Mammoths belong to the family of proboscides which evolved about 55 million years ago. The name comes from the Greek word proboskis. Evolution of the proboscides started with Moeritheriums and Phimis evolving into even 160 different species up to now. Although they are very similar to contemporary elephants, mammoths are not their direct ancestors, but they come from a separate branch of the same family tree. Mammoths and elephants lived at the same time for about four million years while their evolution ran separately. First mammoths appeared in Africa and they later migrated to Europe, Siberia and North America.

In the lower Pleistocene, about 1.8 million years ago, dominant species was M. Meridionalis. This species migrated to North America, across Bering Strait. During the mid Pleistocene, a new American species of mammoth evolved, so called Imperial mammoth, M. Imperator (although the question is whether the name is justified and gender name legitimate). In the upper Pleistocene M. Columbi appeared (known also as M. Jeffersoni).

Mammuthus Meridinnalis lived in Europe at the beginning of Pleistocene and represents ancestral form from which two different species of mammoth evolved: Mammuthus Trogontherii (Steppe Mammoth) and Mammuthus Columbi.

The new species of mammoth, Steppe mammoth (Mammuthus trogontherii) lived in Euro-Asia during the upper Pleistocene in the period from 700 000 to about 500 000 years ago. Later, during Pleistocene, the woolly mammoth (Mammuthus Primigenius) evolved as the result of adapting to the new, colder climatic conditions.

Nobody is completely sure why the mammoths disappeared. There are various assumptions where climatic changes are one of them. At the end of Ice Age the ice was melting and the climate became much warmer. Those climatic changes greatly influenced the survival of woolly mammoth. Man was another factor that contributed to extermination of mammoths as he hunted them for food and furs.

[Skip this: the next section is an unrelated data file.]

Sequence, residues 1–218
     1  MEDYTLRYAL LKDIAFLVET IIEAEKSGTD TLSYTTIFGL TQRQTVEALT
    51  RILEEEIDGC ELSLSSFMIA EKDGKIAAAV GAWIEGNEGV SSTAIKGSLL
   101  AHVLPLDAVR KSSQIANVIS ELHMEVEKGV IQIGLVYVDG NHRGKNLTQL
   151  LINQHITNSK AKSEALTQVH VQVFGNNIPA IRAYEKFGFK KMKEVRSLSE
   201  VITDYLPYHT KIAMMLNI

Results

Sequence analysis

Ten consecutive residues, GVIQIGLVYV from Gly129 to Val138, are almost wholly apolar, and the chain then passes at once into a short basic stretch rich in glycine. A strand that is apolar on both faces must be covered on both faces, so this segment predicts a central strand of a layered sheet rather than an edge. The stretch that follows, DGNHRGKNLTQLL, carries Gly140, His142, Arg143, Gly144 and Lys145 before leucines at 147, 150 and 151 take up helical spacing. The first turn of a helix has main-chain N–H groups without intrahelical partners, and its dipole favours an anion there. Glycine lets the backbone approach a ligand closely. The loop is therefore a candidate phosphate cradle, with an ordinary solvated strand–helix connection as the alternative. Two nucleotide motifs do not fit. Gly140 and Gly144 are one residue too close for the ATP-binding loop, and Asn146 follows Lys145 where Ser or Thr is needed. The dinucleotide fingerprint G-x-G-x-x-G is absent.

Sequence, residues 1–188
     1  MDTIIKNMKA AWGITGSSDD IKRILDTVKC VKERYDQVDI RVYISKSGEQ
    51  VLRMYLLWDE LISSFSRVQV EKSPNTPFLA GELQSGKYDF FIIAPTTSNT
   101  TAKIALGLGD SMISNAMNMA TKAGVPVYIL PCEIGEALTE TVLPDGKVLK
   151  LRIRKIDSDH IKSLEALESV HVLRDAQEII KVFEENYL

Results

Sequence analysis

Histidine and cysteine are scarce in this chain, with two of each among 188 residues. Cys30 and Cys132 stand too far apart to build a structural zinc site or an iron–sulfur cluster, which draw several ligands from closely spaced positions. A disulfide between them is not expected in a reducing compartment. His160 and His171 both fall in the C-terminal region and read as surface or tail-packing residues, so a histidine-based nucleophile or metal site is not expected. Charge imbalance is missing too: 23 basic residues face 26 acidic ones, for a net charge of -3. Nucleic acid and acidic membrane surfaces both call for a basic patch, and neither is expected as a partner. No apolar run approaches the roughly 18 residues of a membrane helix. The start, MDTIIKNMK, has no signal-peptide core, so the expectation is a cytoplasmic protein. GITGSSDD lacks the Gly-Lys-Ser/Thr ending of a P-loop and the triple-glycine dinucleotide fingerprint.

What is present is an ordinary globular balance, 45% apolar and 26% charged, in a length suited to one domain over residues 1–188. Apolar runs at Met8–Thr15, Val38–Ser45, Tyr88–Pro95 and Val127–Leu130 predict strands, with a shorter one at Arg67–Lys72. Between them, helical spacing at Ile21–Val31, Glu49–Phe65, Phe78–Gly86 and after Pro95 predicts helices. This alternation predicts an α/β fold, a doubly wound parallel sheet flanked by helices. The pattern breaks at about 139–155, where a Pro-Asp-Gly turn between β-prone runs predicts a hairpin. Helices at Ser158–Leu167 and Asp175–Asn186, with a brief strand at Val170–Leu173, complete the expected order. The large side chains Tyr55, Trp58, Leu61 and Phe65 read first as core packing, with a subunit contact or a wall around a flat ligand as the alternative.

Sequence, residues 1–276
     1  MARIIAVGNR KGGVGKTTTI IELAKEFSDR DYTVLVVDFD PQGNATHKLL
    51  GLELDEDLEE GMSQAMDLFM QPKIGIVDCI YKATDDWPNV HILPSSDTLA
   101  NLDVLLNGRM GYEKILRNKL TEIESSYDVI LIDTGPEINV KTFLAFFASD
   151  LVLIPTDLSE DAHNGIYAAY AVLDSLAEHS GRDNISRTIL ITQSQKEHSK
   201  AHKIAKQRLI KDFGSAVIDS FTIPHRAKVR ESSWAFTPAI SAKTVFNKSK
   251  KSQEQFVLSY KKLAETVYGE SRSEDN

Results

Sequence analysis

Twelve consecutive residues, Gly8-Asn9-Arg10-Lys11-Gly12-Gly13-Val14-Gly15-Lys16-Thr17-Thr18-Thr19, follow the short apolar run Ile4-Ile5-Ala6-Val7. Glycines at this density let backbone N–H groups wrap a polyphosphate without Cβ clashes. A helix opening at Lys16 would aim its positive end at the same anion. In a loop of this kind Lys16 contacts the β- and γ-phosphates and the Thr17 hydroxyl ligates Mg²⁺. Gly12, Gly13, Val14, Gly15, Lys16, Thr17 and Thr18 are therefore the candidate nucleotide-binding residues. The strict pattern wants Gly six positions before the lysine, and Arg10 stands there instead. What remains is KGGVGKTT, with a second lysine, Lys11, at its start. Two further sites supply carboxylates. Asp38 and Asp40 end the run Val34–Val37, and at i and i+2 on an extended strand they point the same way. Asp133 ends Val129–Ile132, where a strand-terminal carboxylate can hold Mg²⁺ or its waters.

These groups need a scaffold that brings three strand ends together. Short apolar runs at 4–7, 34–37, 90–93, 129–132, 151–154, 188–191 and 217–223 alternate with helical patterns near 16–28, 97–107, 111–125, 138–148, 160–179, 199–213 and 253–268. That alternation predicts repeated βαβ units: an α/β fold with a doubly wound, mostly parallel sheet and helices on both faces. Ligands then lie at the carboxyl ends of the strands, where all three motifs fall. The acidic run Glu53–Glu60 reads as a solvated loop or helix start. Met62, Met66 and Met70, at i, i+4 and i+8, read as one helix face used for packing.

Mammoths are not the only representatives of Pleistocene proboscides. During Pleistocene, so called old elephant, Paleoloxodon Antiquus, with flat tusks, lived in Europe and Asia. It reached the size of steppe elephant, but unlike it, lived in the warmer, forest regions. Paleoloxodon Antiquus is considered to be a direct ancestor of nowadays Asian elephant (Elephas maximus). They disappeared about 30 000 years ago.

Story about mammoths in the territory of Serbia

At the beginning of the twentieth century, with the development of natural sciences, our country begins paying much more attention to paleontology findings. This contributed the practice that fossil remains found during construction and other works are collected and kept under more or less professional supervision. Among the discovered remains, most frequent are the remains of Pleistocene proboscides that are kept in numerous collections throughout the country.

One of the rather rich collections is one of the Natural History Museum of Belgrade. Most of the material was found during sand and gravel excavation near big Pannonian rivers (the Sava, Danube, Tisa, Drava, Tamis) or at the confluence of tributaries to the Sava and Danube (Kolubara, Velika Morava).

Museum collection consists of numerous remains of both mammoth species found in our territory, and they are Mammuthus trogontherii and Mammuthus primigenius.